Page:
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Thread: Log cabins etc.

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  1. #1
    Join Date
    Aug 2004
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    Whitianga. Nz. Pop; 4004
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    2,163

    Default Log cabins etc.

    http://www.naturalloghomes.com/NLHRecent2.html

    I have always fancied a proper log cabin, and this site grabbed my attention. Any thoughts from those in countries where this type of building is commonplace, would be very welcome.
    Are they warm and dry? Are they more than an obvious fire hazard? etc. etc.

  2. #2
    Join Date
    Mar 2005
    Location
    West Sussex
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    Just my thoughts. Lovely website. I've searched the web and the so called log homes are not made of logs but have a sort of log cladding.

    I've also read on one of the forums I'm on that log homes are not popular in New Zealand and therefore you have have a problem selling it if you build you. I just hope a few people will correct me.

  3. #3
    Join Date
    Nov 2004
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    Wellington, originally USA
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    They are quite popular here in the Pacific Northwest, as timber is very cheap (compared to much of the rest of the planet). I think of them as being a tremendous fire hazard, but mostly that is because this is a fire ecology. People build them in the forest, and the forest burns. Gone is house. So if you were building it in a place with less fire danger, that might put my mind at ease. I know Oz has bush fires to beat the band, but I haven't heard of any in NZ. Warm? Not particularly, since it is just the log and no more insulation than that, often times. They have made great strides in having more windows put in them, the old style ones were very dark.

    Perhaps come on a little vacation here and give it a try before you build!

  4. #4
    Join Date
    Sep 2004
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    Auckland
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    Default Log Cabins

    They are not popular here and indeed would be hard to sell. People seem to like open areas with lots of glass, its always good to look around at other houses before deciding on a style if you ever want to sell.

  5. #5
    Join Date
    Oct 2004
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    london - auckland 5/05
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    a friends father built a ski chalet with his own hands - notched wood etc. amazing when finished but massive project

  6. #6
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    Mar 2005
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    West Sussex
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    Would love to see a photo of it Leslie

  7. #7
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    Oct 2004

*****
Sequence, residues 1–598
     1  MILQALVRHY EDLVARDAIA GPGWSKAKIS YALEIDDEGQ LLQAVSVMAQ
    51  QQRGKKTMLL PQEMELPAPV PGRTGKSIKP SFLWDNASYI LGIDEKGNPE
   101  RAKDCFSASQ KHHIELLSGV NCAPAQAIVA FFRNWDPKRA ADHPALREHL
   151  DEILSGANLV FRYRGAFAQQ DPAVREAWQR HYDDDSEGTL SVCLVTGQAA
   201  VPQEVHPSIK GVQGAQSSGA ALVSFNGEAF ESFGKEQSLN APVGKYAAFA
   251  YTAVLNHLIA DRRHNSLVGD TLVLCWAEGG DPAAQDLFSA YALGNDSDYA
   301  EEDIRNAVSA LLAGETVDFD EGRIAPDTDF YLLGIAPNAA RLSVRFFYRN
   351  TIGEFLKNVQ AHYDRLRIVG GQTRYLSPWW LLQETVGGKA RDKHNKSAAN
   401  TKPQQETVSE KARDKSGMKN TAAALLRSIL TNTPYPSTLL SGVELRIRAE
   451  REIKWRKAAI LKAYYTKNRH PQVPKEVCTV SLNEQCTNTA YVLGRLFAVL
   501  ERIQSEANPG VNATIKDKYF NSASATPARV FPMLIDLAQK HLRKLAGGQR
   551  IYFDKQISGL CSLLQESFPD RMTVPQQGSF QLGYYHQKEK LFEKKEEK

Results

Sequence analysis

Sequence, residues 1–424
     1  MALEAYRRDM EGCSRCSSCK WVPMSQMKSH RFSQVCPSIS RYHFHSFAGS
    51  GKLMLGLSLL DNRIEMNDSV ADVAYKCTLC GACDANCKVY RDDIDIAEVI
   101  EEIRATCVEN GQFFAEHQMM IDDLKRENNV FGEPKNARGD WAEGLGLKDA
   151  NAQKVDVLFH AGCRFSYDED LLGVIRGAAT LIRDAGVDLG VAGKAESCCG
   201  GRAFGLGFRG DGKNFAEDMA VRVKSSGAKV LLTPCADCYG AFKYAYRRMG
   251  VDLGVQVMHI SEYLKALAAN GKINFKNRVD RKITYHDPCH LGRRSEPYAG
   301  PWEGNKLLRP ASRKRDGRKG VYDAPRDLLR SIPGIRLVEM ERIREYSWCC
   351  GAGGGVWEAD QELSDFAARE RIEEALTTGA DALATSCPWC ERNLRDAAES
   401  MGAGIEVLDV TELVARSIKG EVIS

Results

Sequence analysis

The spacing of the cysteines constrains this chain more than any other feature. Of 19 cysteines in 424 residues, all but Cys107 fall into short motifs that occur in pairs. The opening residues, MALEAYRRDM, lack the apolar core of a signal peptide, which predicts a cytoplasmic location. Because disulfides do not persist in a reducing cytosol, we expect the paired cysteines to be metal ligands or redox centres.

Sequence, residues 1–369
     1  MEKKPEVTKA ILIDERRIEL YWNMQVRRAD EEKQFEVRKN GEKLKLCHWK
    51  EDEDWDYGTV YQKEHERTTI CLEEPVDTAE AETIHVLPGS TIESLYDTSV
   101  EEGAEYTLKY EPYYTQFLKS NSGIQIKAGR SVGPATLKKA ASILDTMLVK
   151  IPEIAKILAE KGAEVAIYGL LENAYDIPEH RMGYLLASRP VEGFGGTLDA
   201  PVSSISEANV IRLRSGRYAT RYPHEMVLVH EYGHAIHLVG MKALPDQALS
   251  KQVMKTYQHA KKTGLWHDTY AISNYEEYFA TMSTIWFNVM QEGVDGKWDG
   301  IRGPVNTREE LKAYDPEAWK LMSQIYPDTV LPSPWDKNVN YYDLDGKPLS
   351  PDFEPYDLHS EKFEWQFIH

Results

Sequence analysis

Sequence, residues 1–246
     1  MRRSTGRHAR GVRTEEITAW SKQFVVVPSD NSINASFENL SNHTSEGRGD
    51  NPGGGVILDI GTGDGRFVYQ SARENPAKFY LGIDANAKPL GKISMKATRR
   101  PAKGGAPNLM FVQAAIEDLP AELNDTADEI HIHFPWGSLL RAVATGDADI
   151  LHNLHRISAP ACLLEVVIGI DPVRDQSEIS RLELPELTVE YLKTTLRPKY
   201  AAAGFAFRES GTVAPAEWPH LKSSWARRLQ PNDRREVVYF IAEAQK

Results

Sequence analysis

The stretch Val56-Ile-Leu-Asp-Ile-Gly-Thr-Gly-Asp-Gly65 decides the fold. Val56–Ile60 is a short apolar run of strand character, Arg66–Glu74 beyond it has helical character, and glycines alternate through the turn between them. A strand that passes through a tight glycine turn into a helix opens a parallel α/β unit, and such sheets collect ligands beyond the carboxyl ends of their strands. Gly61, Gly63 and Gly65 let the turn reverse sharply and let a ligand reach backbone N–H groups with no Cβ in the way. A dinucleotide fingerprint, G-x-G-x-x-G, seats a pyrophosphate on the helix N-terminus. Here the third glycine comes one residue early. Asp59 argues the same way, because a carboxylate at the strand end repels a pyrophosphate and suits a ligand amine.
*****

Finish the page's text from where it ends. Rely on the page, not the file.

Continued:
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    london - auckland 5/05
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    wish i had one. afraid went there last in teens ie. 20 yrs ago (it is in quebec, canada) and in those days we weren't overly interested in photographing log cabins. its probably featured somewhere though. search quebec listings for log cabins as i seem to remmeber there are a number of them around. the 'lumberjack' or 'boucheron (sp?)' being a fav quebec history icon, like the rest of canada has the mountie (now owned by disney).

  8. #8
    Join Date
    Oct 2004
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    in dunners and lovin it
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    429

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    Logs are treated if bought within kit form, the construction and science of log builidng is fascinating as you have to allow for settling of the logs as much as 4 inches. this means that if you screw something to a log it will end up further down. Logs have a terrific R value R-15, they are then filled with a flexible polymer which isulates the gaps. Tennesse North Carolina and that reigon seem to produce the majority of these style homes. Jim Branner log homes is one that sticks in my memory. I only know all this as my father in Law is leaving the UK to go to Tennesee to build these things.

    Dan

  9. #9
    Join Date
    Aug 2004
    Location
    Wigan UK
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    Timbo
    I have just stayed in my B-in-laws house in Te Puna which is a log cabin.

    The only thing I didn't like was it was quite dark and it is difficult to hang things on the walls as the walls are obviously not flat.
    Also many spiders webs as they get in all the nooks and crannies.

    I can't say if it was warm or not as they always had the patio doors open so I was always cold!!

    Not my taste but will post a pick at some point.

    Jo

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